Since it offered him a cornucopia of sound opportunities, John Cage was always fond of using the prepared piano. This instrument—developed by Cage in 1938—is a piano which has been modified into a poly-sounding percussion instrument by inserting on or between the strings various objects such as combs, chains, screws or bolts.
John Cage wrote a great amount of dance music, mostly for Merce Cunningham’s company, but also—which is the case for Daughters of the Lonesome Isle—for Jean Erdman’s company. The piece is written in 19 modular sections which flow into one another without transitions. The metallic quality of the piano’s sound are exploited, evoking, as many have said, an atmosphere more oriental than occidental, although Cage always denied being influenced by gamelan or other oriental music while composing this work.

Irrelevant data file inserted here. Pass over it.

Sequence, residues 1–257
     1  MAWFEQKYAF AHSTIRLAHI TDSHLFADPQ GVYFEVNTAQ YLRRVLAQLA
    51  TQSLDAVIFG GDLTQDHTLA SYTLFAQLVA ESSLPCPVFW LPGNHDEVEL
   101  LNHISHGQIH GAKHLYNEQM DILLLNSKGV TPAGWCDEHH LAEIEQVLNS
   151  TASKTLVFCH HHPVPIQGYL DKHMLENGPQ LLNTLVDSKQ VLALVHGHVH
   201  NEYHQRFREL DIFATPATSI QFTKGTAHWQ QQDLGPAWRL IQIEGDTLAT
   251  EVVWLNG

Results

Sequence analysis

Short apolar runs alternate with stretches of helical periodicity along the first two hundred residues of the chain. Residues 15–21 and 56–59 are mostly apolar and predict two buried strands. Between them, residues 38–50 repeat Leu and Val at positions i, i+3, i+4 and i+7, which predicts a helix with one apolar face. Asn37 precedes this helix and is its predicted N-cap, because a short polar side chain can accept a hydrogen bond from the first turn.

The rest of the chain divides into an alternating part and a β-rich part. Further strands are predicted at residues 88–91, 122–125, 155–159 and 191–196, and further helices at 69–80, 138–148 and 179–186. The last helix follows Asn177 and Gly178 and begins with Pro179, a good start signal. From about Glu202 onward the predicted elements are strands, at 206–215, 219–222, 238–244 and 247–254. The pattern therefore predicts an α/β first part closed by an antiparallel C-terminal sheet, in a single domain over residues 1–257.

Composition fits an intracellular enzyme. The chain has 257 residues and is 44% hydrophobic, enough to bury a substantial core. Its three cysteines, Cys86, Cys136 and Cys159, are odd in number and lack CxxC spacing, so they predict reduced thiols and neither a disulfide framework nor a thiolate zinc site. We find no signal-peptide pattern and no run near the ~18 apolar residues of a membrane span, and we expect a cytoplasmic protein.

Thursday, March 9, 1995
Thursday, February 26, 2015
CDAnalekta Fleur de lys / 1996 / FL 23111